Raleigh, N.C. — The North Carolina Rural Economic Development Center isn't keeping track of grants it awards, is improperly keeping interest on grant funds and is overpaying its top managers, according to an audit released Wednesday.
The audit prompted Gov. Pat McCrory to call for new leadership at the Rural Center, which uses state and federal money to support business and infrastructure development in 85 North Carolina counties.
"At a time when rural areas of our state are suffering the most, we must ensure that we are using our limited funds by the most effective, efficient and transparent means," McCrory said in a statement. "I believe that new leadership will begin to address and fix the serious issues identified by the state audit."
Senate President Pro Tem Phil Berger said state funding to the center should be eliminated.
"This audit reinforces my belief that the Rural Center should receive no taxpayer funds in the state budget," Berger, R-Rockingham, said in a statement. "Funding the Rural Center would send the wrong message to voters who elected Republicans to provide accountability in state government.”
The Senate's budget proposal completely cuts funding to the Rural Center, while the House's plan gives the center more than $36 million over the next two years. Lawmakers are working on a compromise budget.
State auditors said the center doesn't verify that grant recipients are using their money for the intended purpose, noting that the center had no idea how many jobs were created by a $1 million grant in Harnett County and an $814,000 grant in Halifax County. Grant recipients also weren't punished for not providing progress reports on their projects, according to the audit.
"For all practical purposes, there is no oversight. There is no monitoring of what's going on with all these monies," State Auditor Beth Wood said. "If they are not monitoring what's being done with the money they pass out, none of us can be assured that taxpayer dollars are accomplishing what they intended to do."
Rural Center officials told auditors that the organization lacks the resources to monitor grant progress and noted that they try to work in cooperation with recipients and don't want to be seen as an enforcer.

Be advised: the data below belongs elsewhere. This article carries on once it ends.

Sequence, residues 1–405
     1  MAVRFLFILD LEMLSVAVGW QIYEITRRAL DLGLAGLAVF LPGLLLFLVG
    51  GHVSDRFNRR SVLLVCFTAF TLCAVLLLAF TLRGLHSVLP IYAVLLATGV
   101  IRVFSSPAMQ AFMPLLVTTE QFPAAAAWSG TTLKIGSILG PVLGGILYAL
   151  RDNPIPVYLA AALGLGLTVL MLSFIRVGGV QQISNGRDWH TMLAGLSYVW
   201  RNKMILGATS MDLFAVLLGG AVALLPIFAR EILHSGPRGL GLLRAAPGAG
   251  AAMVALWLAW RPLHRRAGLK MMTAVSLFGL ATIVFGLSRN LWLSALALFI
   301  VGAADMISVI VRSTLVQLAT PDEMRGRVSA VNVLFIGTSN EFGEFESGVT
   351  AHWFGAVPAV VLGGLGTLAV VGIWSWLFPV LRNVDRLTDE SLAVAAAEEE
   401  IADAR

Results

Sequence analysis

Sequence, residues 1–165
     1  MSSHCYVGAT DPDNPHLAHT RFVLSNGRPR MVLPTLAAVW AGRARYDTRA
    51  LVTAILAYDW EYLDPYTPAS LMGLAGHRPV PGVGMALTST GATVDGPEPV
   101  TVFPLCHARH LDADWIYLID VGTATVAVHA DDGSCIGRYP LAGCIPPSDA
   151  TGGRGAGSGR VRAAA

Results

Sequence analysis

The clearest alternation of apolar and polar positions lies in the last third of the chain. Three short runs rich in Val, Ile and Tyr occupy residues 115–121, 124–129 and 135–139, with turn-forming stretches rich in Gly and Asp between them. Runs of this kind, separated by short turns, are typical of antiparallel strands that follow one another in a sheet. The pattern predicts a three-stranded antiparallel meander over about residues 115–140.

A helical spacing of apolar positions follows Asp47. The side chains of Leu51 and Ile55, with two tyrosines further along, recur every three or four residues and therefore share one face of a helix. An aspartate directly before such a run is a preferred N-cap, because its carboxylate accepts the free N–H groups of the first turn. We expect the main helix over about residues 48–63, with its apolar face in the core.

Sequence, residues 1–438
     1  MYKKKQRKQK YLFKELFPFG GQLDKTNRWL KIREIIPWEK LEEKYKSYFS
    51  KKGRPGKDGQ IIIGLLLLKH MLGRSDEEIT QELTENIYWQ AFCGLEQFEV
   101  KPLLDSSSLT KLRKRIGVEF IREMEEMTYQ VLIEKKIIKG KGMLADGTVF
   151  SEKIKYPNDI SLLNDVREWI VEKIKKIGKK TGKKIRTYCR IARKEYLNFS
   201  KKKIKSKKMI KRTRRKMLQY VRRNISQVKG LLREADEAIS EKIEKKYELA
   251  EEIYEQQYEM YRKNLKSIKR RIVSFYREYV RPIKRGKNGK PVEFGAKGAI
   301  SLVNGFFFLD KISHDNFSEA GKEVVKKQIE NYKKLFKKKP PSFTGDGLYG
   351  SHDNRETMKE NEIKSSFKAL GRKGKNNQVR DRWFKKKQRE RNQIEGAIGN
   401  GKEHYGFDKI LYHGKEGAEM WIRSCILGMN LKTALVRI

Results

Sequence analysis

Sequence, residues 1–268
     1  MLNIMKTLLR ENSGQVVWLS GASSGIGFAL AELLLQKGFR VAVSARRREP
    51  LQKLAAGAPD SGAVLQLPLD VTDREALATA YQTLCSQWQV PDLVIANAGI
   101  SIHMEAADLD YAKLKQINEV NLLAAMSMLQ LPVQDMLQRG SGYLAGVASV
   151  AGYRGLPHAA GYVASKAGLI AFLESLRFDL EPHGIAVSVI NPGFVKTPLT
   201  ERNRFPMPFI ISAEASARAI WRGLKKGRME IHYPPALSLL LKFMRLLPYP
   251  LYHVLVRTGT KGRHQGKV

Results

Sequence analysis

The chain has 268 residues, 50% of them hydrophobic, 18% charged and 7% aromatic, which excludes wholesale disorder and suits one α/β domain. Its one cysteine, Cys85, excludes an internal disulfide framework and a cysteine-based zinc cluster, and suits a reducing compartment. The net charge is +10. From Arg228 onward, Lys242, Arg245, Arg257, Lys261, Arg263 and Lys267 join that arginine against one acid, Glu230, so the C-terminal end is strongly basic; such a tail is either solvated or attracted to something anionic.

According to the audit, center President Billy Ray Hall was paid more than $220,000 last year, or 77 percent more than then-state Commerce Secretary Keith Crisco. His salary and those of center vice presidents also were at least 20 percent more than those of other rural development centers nationwide.
Hall said in a response to the audit that salaries are approved annually and are based on a national compensation report, but auditors said the report includes nonprofits that do different types of work, some of which operate overseas.
"The Rural Center is committed to being a good steward of state funds," Hall said in a statement. "We have a long history of serving the people of rural North Carolina and welcome the opportunity to improve our operations."
The center has come under fire recently over political connections to some grants that sometimes didn't meet the organization's guidelines. An independent committee is now reviewing all grants made in the last five years to determine if they followed Rural Center policies.
"I think it's time for Billy Ray Hall to resign," said Bob Luddy, a Raleigh businessman and Rural Center board member. "This is very poor bookkeeping, and I don't think our board of directors remotely understands what's going on. They only understand what Billy Ray Hall tells them."
Luddy said the center has $60 million in the bank – state money that sits there earning interest, and part of that interest is paying for Hall's salary.
The audit also criticized the center for now turning over the interest to the state General Fund and called on lawmakers to clarify policies for the way the center handles its money.